With this peace, Huseyn II gained the chance to focus on his grand plan, and within just the last few years it has been completed: after war with Austria, Bohemia and Hungary our glorious empire has captured the remains of Hungary and all of the outlying territories of Bohemia. Behold the map! Our Empire is now so vast that as an ambassador in Georgia sits down to dine on dates and flat bread with one of the Khans of the Horde, here on the Dalmatian coast an artist will be just setting up his easel to paint a picture of court ladies taking a light lunch of olives and pastries; or North in the Mountains of Carpathia a shepherd might be settling down to a morning break of nuts and dried mutton. Truly, our Empire has grown beyond the dreams of humble Bayezid as he grabbed the reins of power, intent only on guiding us out of the darkness. Now, we have become the Empire of the Sun, its territories so far-flung that they hold the whole of a day in their grip. And even now, as I sit here in my study contemplating this great sweep of history, I hear our ruler looks in the same direction as me, across this tranquil Aegean sea to the coast of Northern Italy, whose universities and libraries hold the secrets of a thousand years of learning. Were our Janissaries to take those hallowed halls, then surely an Islamic Reformation could begin, in which the whole world looked to the crescent sun of the Ottomans for knowledge, as well as the wisdom of the One True Faith. Is this the future of the Ottomans, to teach Europe of Asia, and Asia of Europe … and all of them to learn the One True Faith, that is greater than all that has come before it in all of time …?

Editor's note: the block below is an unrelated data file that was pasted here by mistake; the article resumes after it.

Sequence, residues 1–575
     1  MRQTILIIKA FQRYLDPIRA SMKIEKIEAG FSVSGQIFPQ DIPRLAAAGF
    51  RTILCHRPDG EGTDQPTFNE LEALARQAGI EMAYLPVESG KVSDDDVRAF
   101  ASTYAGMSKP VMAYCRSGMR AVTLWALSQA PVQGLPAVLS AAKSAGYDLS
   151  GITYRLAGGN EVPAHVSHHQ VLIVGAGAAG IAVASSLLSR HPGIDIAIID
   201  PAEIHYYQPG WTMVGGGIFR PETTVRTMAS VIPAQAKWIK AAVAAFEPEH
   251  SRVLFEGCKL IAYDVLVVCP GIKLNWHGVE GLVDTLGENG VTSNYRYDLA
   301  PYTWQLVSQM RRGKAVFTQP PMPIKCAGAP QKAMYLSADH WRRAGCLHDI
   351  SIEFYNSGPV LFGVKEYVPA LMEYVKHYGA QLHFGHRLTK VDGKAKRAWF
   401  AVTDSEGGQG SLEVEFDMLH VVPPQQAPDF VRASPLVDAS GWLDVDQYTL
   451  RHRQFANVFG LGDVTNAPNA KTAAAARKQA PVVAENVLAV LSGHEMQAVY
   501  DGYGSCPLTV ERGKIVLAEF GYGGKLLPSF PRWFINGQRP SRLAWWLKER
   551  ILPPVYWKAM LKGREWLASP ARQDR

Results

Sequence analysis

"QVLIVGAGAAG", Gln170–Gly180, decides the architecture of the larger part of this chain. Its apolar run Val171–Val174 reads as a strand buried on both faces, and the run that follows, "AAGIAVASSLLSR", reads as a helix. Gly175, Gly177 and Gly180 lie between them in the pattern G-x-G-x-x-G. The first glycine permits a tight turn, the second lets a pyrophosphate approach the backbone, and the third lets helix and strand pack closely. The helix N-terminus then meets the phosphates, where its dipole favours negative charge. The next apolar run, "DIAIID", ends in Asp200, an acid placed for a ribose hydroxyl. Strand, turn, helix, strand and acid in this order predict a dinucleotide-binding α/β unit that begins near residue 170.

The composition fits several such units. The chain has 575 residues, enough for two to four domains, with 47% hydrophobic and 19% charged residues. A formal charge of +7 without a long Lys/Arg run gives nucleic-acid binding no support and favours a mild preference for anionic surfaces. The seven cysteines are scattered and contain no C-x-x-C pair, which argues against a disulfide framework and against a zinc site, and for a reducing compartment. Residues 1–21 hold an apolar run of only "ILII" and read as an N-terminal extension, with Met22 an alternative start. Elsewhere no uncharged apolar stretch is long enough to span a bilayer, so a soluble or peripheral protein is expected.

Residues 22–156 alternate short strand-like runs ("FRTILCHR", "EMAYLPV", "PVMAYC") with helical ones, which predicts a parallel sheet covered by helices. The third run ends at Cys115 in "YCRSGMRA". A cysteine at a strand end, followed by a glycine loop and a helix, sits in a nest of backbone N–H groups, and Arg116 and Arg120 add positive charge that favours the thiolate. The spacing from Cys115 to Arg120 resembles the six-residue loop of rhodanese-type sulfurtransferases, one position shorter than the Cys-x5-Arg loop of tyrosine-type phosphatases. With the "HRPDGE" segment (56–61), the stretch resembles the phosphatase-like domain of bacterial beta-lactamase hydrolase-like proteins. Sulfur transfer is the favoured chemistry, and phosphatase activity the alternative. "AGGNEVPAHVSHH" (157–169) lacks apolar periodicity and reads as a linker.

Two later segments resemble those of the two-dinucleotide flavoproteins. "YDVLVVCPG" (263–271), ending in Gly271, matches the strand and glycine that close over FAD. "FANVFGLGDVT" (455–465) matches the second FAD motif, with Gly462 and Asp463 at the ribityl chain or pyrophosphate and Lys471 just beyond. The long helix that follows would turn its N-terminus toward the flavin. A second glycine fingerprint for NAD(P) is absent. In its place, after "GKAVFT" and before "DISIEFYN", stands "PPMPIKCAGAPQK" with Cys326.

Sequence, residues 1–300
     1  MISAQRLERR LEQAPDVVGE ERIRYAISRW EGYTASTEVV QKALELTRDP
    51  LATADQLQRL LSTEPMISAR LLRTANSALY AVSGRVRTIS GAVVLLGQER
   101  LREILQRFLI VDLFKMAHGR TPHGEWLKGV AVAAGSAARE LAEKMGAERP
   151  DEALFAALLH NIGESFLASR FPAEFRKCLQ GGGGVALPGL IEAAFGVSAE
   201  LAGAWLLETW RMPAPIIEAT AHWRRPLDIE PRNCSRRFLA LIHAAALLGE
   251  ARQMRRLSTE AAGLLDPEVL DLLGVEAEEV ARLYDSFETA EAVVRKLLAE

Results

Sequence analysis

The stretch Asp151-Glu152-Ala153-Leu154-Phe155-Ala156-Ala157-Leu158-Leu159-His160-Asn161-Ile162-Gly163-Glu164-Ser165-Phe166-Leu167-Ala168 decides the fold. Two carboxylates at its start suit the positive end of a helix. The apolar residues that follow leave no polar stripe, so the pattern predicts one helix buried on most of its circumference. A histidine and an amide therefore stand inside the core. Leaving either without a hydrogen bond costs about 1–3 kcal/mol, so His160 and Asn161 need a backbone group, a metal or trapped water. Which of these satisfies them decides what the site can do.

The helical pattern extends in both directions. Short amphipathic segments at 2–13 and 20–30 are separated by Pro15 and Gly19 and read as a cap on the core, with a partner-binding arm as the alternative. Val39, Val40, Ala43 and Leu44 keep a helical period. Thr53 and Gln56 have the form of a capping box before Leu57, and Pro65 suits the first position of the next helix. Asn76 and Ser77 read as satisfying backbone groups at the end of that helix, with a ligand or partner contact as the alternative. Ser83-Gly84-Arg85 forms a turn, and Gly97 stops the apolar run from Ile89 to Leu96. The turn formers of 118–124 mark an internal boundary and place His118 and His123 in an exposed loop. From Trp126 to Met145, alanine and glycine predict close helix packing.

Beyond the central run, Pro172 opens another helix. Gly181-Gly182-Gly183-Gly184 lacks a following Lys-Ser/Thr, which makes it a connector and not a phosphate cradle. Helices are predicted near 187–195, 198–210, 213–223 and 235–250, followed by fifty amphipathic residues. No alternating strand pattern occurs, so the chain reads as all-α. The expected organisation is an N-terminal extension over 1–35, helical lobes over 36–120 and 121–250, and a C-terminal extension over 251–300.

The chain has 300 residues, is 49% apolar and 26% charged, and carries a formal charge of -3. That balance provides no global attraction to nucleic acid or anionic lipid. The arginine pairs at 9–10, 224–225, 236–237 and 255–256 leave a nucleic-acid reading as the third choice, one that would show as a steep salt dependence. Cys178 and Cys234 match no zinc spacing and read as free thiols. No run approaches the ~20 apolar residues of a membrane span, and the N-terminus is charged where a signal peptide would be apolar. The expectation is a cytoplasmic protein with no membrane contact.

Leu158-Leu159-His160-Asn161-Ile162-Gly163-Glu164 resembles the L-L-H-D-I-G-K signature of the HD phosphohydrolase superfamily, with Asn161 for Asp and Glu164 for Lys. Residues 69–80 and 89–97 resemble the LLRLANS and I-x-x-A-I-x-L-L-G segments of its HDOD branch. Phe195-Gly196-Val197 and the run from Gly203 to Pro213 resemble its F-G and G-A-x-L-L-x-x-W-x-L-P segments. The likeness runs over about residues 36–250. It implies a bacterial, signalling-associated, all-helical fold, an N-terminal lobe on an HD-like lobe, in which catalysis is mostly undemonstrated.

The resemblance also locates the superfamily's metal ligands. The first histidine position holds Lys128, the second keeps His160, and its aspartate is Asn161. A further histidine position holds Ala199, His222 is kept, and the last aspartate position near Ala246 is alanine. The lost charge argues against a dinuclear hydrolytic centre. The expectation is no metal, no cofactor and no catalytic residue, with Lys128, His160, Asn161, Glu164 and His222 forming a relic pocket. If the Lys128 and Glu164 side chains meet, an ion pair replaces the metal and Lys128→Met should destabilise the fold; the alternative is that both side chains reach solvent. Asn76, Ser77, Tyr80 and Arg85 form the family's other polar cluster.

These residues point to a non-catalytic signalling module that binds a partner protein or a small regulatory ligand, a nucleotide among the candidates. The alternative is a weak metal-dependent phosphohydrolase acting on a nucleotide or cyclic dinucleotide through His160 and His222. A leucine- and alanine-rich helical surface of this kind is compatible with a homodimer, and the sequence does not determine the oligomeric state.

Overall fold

Yes, I think this is our future … let us see where it will take us …

fn1: Istanbul